Fried, now a Beneficial Professor of Law at Harvard Law School, told the committee in his opening statement that the commerce clause of the Constitution gives Congress the power to regulate, which is precisely what the law signed by President Barack Obama does.
"To my mind, that is the end of the story," Fried said. "The mandate is a rule. More accurately, it is part of the system of rules by which commerce is to be governed."
"The only prohibitions I can think of that this bumps up against -- the liberty clause is of the 14th and 15th amendment. If that is so, not only is Obamacare unconstitutional but then so is Romneycare in Massachusetts, and that is an example of an argument that proves too much," Fried said, referring to state health care reformed signed by former Gov. Mitt Romney.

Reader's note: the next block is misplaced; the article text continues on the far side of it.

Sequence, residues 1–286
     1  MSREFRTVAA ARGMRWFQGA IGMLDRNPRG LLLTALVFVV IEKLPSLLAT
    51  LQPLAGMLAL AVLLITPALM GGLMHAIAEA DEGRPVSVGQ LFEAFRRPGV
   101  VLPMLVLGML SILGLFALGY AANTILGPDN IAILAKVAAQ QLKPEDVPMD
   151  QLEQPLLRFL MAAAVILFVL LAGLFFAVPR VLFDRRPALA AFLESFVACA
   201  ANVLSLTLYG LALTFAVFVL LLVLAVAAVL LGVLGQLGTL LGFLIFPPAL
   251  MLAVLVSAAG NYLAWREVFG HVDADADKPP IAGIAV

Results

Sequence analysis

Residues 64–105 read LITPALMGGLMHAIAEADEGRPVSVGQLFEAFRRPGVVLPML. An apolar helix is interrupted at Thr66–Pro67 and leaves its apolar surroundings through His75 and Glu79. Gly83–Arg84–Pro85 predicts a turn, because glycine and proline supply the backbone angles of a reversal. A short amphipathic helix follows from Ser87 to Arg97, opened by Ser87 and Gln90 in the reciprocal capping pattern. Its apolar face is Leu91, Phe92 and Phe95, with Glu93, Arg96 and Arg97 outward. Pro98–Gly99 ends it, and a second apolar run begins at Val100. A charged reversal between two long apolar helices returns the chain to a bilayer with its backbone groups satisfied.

Also testifying at the hearing on the constitutionality of the health care law (which took place in the wake of a federal judge's decision voiding the entire health care law) were Oregon Attorney General John Kroger, Georgetown University Law Professor Randy E. Barnett, Jones Day Partner Michael A. Carvin and former head of the Justice Department's Office of Legal Counsel Walter Dellinger.
In his prepared remarks, Fried said the argument that the health care regulation is not regulation of commerce because it requires an economic act (instead of prohibiting or limiting an economic activity) is "entirely wrong and even worse quite confused."